It was here that we started to really worry about Hurricane Mathew. At that time, the projected track was not looking good for the Chesapeake Bay. We talked to the very nice folks at Higgins Yacht Yard and they told us that they were planning on hauling all of their customers and they could probably haul us too, or put us in the Travel Lift Dock.  We decided to leave the final decision until the next morning.

The next morning, Mathew's projected track began to curve it around to the east (offshore) before it got as far north as us so we were a little less worried.  As the day went on, the track looked better and better for the Chesapeake. We told the folks at Higgins that we for sure did not want to be hauled and in fact by that time, they had decided not to haul anyone anyway.

Hurricane Mathew's projected track heading offshore and curling around south. We were relieved to see this. We are at the yellow dot upper right section of the storm.

Since we had a couple days before whatever Mathew would bring, we decided to make some southerly progress (you know, closer to the hurricane) and make it to Solomons Island (still in Maryland) off the Patuxent River.

Patuxent River - Our Hurricane Hole

Zanhiser's Yacht Center in Solomons, MD is a great facility. We anchored just outside of their mooring field and went ashore.  The dinghy dock welcomes anchoring guests but they do ask for a $3 landing fee.  We went to the office and they managed to up-sell us to a $40 mooring.  This gave us access to very nice showers, laundry, free bikes, and a courtesy shuttle for grocery shopping.  Great deal!  It also allowed us to be on a mooring when the outer winds of Mathew hit us the following night. I asked the dockmaster about the ground tackle on these moorings and he said they were 500 pound mushrooms with 3/4" chain.  Sounded good.  I didn't ask when they were last inspected. Maybe I didn't want to know.

Sleepless Night

The effects of Mathew were going to be felt over most of the weekend. Saturday Night was forecast to have the highest winds slowly tapering off through Monday Morning. We decided to do watches overnight Saturday and keep an eye on things, so we both set our alarms. This was unnecessary as neither of us could sleep a wink anyway.

Linda trying to sleep on the settee where it is less bouncy and a bit quieter compared to the V berth

Adding to the insomnia a bit, Mathew had stopped following his clear instructions and started heading more North and less East. I was beginning to wonder if leaving St Michaels was really so smart.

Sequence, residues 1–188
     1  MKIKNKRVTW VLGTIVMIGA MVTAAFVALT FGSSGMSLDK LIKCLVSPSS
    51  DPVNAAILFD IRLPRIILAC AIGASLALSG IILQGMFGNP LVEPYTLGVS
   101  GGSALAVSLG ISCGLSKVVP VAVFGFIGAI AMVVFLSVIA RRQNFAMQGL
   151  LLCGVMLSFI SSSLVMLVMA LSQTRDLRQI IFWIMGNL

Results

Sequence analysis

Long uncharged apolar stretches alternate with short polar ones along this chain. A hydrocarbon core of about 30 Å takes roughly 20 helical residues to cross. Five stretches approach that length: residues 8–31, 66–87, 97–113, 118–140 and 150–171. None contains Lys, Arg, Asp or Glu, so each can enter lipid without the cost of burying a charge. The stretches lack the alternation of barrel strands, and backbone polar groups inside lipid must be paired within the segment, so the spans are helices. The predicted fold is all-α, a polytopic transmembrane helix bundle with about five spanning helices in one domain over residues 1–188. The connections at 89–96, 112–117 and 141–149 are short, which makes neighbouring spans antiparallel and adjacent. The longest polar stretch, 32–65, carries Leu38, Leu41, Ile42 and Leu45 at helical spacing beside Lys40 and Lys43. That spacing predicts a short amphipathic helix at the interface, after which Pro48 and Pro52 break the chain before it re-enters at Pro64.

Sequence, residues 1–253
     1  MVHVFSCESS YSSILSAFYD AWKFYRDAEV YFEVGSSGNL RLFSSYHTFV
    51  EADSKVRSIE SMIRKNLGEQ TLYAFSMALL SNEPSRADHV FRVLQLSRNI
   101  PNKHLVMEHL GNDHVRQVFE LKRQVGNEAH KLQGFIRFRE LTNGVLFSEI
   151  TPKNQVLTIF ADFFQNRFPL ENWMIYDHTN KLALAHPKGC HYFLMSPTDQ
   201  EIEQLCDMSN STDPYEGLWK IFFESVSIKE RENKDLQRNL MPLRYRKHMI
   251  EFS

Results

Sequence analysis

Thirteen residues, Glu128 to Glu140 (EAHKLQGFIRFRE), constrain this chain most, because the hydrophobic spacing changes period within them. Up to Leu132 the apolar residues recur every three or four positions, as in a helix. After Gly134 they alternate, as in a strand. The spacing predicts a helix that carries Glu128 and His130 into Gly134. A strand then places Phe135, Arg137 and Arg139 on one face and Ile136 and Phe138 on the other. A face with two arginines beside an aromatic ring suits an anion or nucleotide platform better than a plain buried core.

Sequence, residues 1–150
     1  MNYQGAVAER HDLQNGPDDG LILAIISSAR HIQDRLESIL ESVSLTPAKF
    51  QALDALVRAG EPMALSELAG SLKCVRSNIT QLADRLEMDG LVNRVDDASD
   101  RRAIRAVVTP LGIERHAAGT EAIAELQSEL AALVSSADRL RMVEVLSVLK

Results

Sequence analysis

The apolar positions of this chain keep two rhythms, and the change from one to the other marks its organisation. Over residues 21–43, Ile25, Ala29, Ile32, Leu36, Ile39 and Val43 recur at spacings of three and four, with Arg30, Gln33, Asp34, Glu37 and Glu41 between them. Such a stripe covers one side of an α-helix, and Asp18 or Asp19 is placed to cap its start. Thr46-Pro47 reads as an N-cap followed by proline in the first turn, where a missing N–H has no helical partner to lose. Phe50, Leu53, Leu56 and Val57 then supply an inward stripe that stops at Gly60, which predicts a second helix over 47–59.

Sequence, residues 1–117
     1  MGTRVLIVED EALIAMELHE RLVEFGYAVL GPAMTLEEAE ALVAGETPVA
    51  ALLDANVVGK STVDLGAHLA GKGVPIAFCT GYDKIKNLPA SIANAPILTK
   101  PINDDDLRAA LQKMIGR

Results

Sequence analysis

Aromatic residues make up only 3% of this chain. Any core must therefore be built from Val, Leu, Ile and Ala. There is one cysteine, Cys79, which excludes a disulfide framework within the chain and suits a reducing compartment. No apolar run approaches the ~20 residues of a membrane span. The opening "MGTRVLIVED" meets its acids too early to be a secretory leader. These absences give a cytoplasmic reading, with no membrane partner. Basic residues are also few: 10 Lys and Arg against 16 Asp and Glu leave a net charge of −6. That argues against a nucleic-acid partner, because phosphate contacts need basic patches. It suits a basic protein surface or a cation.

Mathew taunting us with a couple Northerly turns. A day earlier, Mathew was supposed to be way south of this track.(We're the green dot on that cold front)
Overnight Saturday, winds were sustained in the 20s with gusts well into the 30s. You try not to think about the integrity of the mooring, but you do anyway.  It was very noisy inside the boat with wind howling and that mooring line straining while stretched like a guitar string. I had tied an additional mooring line with a blake hitch to the main mooring line to make something of a bridle. I went up on deck a couple times overnight and we were dragging the mooring ball completely under water. We were very happy to see daylight the next day. The wind was still blowing hard, but it always feels less scary when the sun is shining!

Date night going to the restaurant Saturday Night - we were in for a long night that night.

 Short clip from the go-pro of the winds at our mooring

Lets' Go!   Nope - too soon!

On Monday, we decided to head out into the bay and make our way more south toward Virginia. We motored out into the Patuxent and the winds and waves built. We started sailing with a reefed main and jib and the closer we got to the open bay, the heavier things got. We poked out into the bay a little bit and things were just nasty.  Remnants of the impact of Matthew were still very strong and would make for an uncomfortable and adventurous sail. So - we turned around and beat our way back into the Patuxent and some relative shelter.

Our track for that day - out... and back!

We motored back up into Solomons but this time decided to try an anchorage up one of the other creeks in the area.  Here, we had a very humbling anchoring experience.

Drag Race